We are a commune of inquiring, skeptical, politically centrist, capitalist, anglophile, traditionalist New England Yankee humans, humanoids, and animals with many interests beyond and above politics. Each of us has had a high-school education (or GED), but all had ADD so didn't pay attention very well, especially the dogs. Each one of us does "try my best to be just like I am," and none of us enjoys working for others, including for Maggie, from whom we receive neither a nickel nor a dime. Freedom from nags, cranks, government, do-gooders, control-freaks and idiots is all that we ask for.
Jim O'Hara is a member of EAA chapter 493 in San Angelo. He is a retired college professor (I believe in Aeronautical Engineering) who learned to fly when he was about 60 years old. He's now 81 years old. 15 years ago, he began construction of a 2/3 scale P-38. Using information he obtained from various sources about the P-38, he drew up a set of plans using a computer aided design program. Jim and his wife Mitzi built the entire aircraft by themselves. I've been fortunate enough to know Jim for almost the entire 15 years that he's been working on his "project." He first flew his plane in July of last year, and has just completed flying off the time (I believe it was 50 hours). He designed the plane to have a small jump seat behind the pilot for his wife. She's tiny, and it's a good thing; the jump seat doesn't have much room.
He made his first cross-country with Mitzi from San Angelo to Fredericksburg Saturday, accompanied by many of his friends from Chapter 493.
That is, without any doubt whatsoever, the most gob-smackingly, phantasmagorially marvelous thing I've seen in many a day!!
Having built this aircraft as a model (both flying and non-flying) twice in the past, and having been involved with some others' efforts in restoration/construction of full-sized aircraft, I have a pretty good grasp of what these folks have accomplished. Hard to imagine, setting out to do this, particularly at age 65 - 66, beginning (literally) from basic ground-up design, and sticking with it for fifteen freakin' years!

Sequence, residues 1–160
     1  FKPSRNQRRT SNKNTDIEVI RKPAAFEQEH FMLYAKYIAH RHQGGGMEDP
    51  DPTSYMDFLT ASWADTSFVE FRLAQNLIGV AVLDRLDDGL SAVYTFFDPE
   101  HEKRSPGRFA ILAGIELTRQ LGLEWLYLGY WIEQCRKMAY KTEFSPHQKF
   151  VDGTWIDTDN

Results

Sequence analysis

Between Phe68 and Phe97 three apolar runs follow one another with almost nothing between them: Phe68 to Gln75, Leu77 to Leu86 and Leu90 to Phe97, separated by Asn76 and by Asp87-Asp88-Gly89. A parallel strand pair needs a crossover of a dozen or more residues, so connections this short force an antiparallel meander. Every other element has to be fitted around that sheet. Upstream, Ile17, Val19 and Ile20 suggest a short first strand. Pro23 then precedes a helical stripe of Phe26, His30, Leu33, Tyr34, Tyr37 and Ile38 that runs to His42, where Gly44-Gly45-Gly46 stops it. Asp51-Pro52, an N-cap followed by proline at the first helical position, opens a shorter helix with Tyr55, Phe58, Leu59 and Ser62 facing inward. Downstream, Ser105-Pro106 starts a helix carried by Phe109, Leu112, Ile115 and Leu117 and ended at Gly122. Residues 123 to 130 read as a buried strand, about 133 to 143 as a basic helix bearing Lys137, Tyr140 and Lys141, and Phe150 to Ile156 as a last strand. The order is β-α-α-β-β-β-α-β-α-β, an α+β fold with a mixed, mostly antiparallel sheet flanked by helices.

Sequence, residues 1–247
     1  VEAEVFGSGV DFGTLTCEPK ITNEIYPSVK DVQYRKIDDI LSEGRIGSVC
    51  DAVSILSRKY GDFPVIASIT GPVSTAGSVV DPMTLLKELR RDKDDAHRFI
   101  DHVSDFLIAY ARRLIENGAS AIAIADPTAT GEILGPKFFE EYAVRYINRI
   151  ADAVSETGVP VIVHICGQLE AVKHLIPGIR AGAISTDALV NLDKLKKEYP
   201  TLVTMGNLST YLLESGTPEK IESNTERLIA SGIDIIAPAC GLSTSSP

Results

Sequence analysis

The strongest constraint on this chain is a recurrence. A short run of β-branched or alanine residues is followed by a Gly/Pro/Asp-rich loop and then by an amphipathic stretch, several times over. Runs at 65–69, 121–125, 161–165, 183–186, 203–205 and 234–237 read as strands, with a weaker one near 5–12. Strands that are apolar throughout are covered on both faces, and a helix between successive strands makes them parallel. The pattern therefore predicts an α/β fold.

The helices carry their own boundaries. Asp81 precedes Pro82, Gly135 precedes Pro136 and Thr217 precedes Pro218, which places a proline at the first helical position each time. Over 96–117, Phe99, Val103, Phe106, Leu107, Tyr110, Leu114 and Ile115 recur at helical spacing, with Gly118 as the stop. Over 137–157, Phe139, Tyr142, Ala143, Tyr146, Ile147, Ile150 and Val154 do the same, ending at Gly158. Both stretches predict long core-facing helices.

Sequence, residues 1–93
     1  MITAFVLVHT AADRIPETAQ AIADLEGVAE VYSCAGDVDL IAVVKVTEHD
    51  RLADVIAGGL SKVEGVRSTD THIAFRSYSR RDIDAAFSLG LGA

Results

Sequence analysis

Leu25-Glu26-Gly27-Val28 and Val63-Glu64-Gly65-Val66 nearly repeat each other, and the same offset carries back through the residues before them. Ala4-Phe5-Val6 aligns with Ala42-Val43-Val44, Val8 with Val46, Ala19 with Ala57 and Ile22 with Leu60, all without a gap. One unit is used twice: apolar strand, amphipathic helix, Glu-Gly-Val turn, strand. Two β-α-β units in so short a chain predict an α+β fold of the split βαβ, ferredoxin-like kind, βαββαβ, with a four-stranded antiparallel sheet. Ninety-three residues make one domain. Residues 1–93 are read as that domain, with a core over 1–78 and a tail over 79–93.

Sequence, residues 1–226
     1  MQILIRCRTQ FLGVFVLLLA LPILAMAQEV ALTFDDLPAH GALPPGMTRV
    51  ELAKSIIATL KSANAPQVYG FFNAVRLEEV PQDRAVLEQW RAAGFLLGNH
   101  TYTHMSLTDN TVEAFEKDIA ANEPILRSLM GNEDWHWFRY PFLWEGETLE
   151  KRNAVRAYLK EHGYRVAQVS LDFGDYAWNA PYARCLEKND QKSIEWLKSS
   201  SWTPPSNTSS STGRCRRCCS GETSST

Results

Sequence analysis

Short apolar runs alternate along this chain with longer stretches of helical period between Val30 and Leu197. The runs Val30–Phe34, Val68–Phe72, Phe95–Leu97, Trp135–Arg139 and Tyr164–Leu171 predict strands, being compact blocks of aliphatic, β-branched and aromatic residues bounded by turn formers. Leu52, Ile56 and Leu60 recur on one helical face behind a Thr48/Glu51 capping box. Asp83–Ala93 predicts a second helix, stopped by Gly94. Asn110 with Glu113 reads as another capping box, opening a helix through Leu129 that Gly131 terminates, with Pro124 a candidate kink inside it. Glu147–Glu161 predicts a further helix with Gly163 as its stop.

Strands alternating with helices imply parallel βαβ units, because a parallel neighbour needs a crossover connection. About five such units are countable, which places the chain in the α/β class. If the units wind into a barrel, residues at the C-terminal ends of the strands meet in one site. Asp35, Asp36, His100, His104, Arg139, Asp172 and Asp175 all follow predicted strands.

Jim and Mitzi O'Hara - truly, legends in their own time!
I sincerely hope they're still flying this when he's 100.
A lovely plane and a marvelous job by Jim and his wife.
The first photo bothers me a little, I could almost swear to seeing another plane about 30 years ago that was virtually identical. And that one was not a one-off but a plane, or kit-plane, you could buy.
Maybe someone will remember and comment about that.
I attended a tractor pull back in 1983 where one of the competitors had an Allison 12 cylinder installed in his tractor. At the time he said that the government still had a bunch of them stored in a warehouse out in Oakland or San Francisco and anyone with $4000 could buy one. They were still covered in Cosmoline and packed in their original crates.
The O'Haras are an amazing couple. I hope they fly around the Dallas area on occasion. I would love to see that plane in flight. It must really attact gawkers wondering what it is. The P-38 is my favorite plane from WWII and was my favorite model to build as a kid. I wonder if Jim plans to paint it OD. Notice the old DC-3 in the background of the second picture.
Remarkable effort this......as an old Airforce ground hugger I would be interested in what the power plants are....the huns would have had a problem spotting this beauty head on....maybe we could call it the 'Forked -tail devilette"......